Composition of Bangladeshs Export to India: 1998-2003 and 2004-2006 India is an important market for Bangladeshs export of chemical fertilisers (urea), and its input ; anhydrous ammonia Since 2004, of the important markets-Australia, USA, France, etc. India the single largest market India accounted for nearly 88% of Bangladeshs export of urea in 2007, from 10% in 1998.
FDI Inflow in Bangladesh (US $ Million) FDI 200020052006 India 8.42.71 Global Total 578.6845.3490.3 Indias share (%) 1.450.320.20 Some diversification in Bangladeshs exports to India. But India not a large market in overall exports. Integration confined to mainly cross-border trade. Some increase in investment-but sporadic and not given rise to much trade-investment nexus yet. Some change has begun. Nature of Integration: Shallow
Indias increasing importance for Sri Lanka In 1996, India replaced Japan as the largest source of imports to Sri Lanka. India-Sri Lanka FTA (ISLFTA) implemented in 2000 and duty free access to Indian market by 2003 in many products. India has become even more important both as a destination for Sri Lankas exports as well as a source of imports by Sri Lanka. Growing importance of India in Sri Lankas exports: from 16 th in 2000, 3 rd largest export destination since 2003. Growth in export earnings to India has far outstripped total export earnings for the country since 2001 and helped reduce the trade gap, in favour of Sri Lanka
Composition of Sri Lankas Exports to India: 1999-2002 and 2003-2005 Visible shift from agricultural to manufacturing goods. Refined copper products and vansapati, main drivers of export growth in period 2003-2005. Some diversification in exports, rise of exports of electrical, electronic equipment - electric conductors and memory chips, between the two sub-periods
Strengths and weaknesses of Sri Lankas export success Momentum in Sri Lankas exports to India, spilled over to items in Indias negative list-plastics, rubber articles, textile articles (Weerakoon, 2008) New products –ceramics, value-added tea entered Sri Lankas exports to India (Kelegama, Mukherjee, 2007). But, export success driven mainly by 2 commodities- copper articles and vanaspati Likely to be more of trade deflection. The recently signed ASEAN-India FTA could pose challenge to Sri Lankas exports of these products to India.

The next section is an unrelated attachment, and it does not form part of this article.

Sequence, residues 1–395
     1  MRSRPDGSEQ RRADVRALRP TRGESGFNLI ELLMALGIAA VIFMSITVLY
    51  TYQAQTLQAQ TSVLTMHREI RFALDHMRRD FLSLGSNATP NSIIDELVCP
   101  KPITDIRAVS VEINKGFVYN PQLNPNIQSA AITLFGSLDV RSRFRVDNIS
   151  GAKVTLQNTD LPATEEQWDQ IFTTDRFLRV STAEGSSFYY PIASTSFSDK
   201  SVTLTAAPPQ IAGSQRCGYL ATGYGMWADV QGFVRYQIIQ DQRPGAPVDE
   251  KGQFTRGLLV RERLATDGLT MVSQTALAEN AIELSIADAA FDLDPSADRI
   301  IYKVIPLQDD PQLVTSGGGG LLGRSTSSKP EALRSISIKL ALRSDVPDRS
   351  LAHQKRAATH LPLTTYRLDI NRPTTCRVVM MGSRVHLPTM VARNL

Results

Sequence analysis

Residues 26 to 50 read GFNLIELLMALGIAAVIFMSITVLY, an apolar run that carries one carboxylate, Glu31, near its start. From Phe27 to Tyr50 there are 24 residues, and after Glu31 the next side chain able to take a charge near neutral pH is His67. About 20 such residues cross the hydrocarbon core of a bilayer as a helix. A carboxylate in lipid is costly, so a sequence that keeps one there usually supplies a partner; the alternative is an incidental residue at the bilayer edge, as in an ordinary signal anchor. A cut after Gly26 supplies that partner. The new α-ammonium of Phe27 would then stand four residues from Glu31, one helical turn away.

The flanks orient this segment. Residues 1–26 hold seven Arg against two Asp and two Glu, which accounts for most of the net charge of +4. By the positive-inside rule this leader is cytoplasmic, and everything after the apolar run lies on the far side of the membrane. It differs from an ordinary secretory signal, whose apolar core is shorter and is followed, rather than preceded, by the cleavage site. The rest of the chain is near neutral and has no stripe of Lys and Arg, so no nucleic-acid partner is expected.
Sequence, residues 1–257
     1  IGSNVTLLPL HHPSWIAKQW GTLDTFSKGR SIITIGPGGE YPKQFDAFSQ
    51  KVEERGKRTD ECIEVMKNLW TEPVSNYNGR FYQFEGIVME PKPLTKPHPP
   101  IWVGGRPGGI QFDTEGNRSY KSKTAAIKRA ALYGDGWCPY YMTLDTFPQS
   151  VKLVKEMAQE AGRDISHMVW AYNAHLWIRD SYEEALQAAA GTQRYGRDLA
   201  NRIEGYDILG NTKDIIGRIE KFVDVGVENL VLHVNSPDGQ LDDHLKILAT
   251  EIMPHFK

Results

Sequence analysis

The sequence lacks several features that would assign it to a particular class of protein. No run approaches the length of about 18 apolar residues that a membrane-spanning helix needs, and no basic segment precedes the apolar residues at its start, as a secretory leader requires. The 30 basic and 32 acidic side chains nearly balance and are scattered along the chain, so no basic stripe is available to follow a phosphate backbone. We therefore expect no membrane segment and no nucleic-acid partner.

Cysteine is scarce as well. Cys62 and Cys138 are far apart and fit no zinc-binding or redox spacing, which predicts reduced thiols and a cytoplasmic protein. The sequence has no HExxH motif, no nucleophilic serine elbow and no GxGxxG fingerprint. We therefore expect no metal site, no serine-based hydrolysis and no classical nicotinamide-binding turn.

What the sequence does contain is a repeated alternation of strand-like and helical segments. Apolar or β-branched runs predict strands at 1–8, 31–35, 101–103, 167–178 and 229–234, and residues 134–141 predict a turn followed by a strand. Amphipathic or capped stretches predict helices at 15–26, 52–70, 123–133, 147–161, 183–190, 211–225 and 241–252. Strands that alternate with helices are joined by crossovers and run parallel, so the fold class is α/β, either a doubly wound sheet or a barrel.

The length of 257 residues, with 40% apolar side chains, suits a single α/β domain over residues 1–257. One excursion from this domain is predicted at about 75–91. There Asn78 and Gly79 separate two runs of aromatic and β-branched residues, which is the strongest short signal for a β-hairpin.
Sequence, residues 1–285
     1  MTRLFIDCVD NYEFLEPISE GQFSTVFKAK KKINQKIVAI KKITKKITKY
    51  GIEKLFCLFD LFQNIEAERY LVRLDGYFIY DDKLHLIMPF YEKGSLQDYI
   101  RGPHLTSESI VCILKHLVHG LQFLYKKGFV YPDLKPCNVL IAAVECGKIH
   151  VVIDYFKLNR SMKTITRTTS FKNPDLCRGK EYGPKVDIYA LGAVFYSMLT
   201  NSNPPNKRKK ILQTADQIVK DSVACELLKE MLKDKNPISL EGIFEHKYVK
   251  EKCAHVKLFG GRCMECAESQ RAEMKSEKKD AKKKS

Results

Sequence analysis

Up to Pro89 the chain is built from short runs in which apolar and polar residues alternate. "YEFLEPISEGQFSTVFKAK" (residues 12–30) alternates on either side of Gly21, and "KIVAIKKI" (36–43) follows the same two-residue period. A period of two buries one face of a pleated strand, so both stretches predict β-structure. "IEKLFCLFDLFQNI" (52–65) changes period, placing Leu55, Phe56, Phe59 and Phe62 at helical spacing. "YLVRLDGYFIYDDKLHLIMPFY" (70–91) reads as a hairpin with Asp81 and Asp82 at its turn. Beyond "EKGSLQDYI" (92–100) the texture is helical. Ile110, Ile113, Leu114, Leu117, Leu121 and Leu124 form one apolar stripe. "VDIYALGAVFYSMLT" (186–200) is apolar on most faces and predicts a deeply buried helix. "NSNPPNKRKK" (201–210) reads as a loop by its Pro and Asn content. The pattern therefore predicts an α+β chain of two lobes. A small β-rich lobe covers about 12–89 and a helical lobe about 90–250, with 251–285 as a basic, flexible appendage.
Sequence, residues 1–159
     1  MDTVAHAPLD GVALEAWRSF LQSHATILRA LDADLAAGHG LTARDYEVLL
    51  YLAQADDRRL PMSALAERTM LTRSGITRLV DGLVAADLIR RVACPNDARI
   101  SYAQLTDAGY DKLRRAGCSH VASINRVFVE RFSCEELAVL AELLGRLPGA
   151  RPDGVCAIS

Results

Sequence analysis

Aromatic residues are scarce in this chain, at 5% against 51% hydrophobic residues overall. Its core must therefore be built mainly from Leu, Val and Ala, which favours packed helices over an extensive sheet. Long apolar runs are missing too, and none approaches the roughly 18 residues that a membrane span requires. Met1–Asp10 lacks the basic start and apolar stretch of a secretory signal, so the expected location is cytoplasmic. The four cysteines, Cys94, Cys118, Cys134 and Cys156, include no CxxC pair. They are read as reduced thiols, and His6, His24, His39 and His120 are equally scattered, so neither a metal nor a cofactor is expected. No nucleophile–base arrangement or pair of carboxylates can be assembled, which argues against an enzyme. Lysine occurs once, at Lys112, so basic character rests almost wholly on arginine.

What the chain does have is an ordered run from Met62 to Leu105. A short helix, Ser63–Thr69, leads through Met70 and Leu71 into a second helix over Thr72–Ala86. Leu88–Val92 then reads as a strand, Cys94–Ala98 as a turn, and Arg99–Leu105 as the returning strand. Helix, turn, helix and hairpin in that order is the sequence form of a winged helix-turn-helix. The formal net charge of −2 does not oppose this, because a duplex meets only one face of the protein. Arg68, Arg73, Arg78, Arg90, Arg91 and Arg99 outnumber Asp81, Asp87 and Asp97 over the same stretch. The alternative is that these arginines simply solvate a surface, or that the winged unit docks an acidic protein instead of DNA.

Investment links in Trade Integration with India has lead to inflow of FDI, in copper products, vanaspati, cement, automobile components, chemicals, electrical equipments. India now 5 th largest investor- accounts for 6% p.a. Indian investment with a view to buy back for the duty free Indian market, has contributed to exports also. Increased diversion of investment towards --services -within manufacturing towards, machinery and transport equips. Growing opportunity for intra-industry links- joint ventures already in tyres, plans to set us automobile assembly operations (Kelegama, 2009).
Composition of Indias outward FDI and Indias importance in FDI Inflows in select developing Asian countries Developed countries, together with Channel Islands (22%) and Mauritius (8%) accounted for 70% of Indias outward FDI between 2003-2007. Within developing Asia, more developed countries like Singapore and Hong Kong together accounted for another 8%. Therefore, barring countries like, Sri Lanka and Nepal, Indias share in other dev. Asian countries is meager. Increase in Indias investment in Indonesia, Thailand, China in 2007, although very small share.
Some Tentative Observations: Possibilities of Future Integration Indias integration with SE economies is in a nascent phase The high rate of growth in trade (and investment to some extent), in the last few years, perhaps indicates strong potential for future integration. In this, India-ASEAN FTA is also expected to play an important role. But India-ASEAN FTA could pose significant challenge for Sri Lanka –India integration. That could also alter the nature and pattern of integration witnessed thus far.
Some Tentative Observations: Possibilities of Future Integration-contd. The global financial crisis and recession in the Northern markets, also highlight the need for diversification of export markets. Recent trade info, shows the initial signs of this happening. A lot however, depends on whether India can sustain its high growth path in the aftermath of the global crisis. Given increasing protectionism in the major markets of Indias exports, thin chances of exports reaching the heights it had witnessed earlier. In this scenario, India has to depend even more on domestic demand to spur growth. Whether or not that can happen is open to debate.